Oracle revenues miss analyst expectations
Cloud giant suffers a 6% drop in revenues due to the impact of COVID-19
Oracle shares fell by 5% on Tuesday after the cloud giant reported mixed fourth-quarter results.
The company reported that revenues were down 6% from a year ago, missing analysts estimates, due to the impact of COVID-19.
"Our overall business did remarkably well considering the pandemic, but our results would have been even better except for customers in the hardest-hit industries that we serve such as hospitality, retail, and transportation postponing some of their purchases," said Oracle CEO, Safra Catz.
"Still, for the third year in a row, we delivered double-digit constant currency earnings per share growth in FY20."
Oracle had previously suggested in March that it was expecting flat revenue for the quarter. Its largest category, cloud services and license support delivered $6.85 billion in revenue, with revenue from cloud and on-premises licenses coming in at $1.96 billion.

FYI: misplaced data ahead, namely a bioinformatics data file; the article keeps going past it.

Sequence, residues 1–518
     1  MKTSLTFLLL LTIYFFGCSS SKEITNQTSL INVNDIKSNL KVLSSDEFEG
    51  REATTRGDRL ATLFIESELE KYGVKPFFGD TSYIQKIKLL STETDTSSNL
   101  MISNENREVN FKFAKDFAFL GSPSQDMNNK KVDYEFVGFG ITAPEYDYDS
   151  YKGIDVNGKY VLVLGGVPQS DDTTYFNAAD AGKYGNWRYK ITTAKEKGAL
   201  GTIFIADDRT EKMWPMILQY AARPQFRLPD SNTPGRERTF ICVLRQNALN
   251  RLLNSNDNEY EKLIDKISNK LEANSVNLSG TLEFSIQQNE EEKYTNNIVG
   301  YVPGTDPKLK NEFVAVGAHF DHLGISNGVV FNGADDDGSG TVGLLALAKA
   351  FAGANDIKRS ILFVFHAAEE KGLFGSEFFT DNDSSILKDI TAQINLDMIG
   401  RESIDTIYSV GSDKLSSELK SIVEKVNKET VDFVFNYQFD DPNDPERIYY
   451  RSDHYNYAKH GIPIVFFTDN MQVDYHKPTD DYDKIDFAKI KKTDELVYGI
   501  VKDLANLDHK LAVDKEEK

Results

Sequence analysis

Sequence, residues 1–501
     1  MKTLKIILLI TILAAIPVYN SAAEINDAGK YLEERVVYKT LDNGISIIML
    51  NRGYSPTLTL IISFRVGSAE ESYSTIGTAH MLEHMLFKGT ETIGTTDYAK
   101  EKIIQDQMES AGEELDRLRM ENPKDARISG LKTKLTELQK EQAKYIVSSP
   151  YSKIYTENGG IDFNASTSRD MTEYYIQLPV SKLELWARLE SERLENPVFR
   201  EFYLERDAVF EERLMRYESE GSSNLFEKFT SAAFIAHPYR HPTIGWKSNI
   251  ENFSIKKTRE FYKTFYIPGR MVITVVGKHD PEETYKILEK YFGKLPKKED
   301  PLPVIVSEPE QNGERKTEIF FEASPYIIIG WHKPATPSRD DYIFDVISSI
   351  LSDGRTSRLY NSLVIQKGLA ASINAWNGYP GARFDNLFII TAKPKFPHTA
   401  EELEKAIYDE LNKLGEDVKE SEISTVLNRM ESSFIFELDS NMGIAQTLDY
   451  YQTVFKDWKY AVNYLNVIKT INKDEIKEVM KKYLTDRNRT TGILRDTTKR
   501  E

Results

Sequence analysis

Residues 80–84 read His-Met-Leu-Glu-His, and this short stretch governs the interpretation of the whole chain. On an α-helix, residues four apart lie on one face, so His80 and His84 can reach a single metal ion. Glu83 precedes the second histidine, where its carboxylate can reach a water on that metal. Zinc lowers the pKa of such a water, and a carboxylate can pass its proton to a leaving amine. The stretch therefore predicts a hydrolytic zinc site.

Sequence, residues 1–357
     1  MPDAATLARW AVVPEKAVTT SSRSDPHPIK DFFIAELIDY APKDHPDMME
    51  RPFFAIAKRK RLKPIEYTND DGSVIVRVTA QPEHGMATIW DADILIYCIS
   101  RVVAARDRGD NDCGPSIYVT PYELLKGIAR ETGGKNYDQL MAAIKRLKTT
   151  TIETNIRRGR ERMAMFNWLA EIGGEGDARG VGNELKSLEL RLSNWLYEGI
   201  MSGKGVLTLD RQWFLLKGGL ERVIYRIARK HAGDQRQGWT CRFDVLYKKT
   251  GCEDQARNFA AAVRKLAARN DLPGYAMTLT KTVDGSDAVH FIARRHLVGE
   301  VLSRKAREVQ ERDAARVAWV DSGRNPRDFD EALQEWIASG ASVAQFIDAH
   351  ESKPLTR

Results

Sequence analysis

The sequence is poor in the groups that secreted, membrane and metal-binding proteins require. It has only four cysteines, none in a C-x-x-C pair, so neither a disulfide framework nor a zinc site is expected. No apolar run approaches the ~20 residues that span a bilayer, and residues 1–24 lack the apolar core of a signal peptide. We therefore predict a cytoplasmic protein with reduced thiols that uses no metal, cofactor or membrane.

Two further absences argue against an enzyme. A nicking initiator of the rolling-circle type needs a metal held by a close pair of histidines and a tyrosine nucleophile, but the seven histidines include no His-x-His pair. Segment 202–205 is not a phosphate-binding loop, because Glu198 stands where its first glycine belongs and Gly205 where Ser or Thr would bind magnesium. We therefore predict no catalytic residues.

Oracle also recently announced new cloud business from video communications firms Zoom and 8x8, which has helped to keep the firm in double figures for the quarter and also get one over its fiercest rival.
"8x8 was very surprised by the extent of their performance gains by moving out of AWS, moving part of their system out of AWS and into OCI [Oracle cloud infrastructure]," Oracle co-founder Larry Ellison, said, according to CNBC.
Ellison then added that, given the cost savings from the initial move, 8x8 then decided to move the entirety of its business over to Oracle - 8x8 told IT Pro that it is still an AWS partner, though.
While the tech industry has done better than most during the pandemic, it hasn't managed to entirely avoid some financial impact from COVID-19. Last week, the top five firms - Amazon, Google, Apple, Microsoft and Facebook - lost a combined $260 billion in value.
Four of those firms had a combined value of over $5 trillion before the outbreak. Bellow them, the likes of IBM and Cisco all lost significant value with drops in share price.
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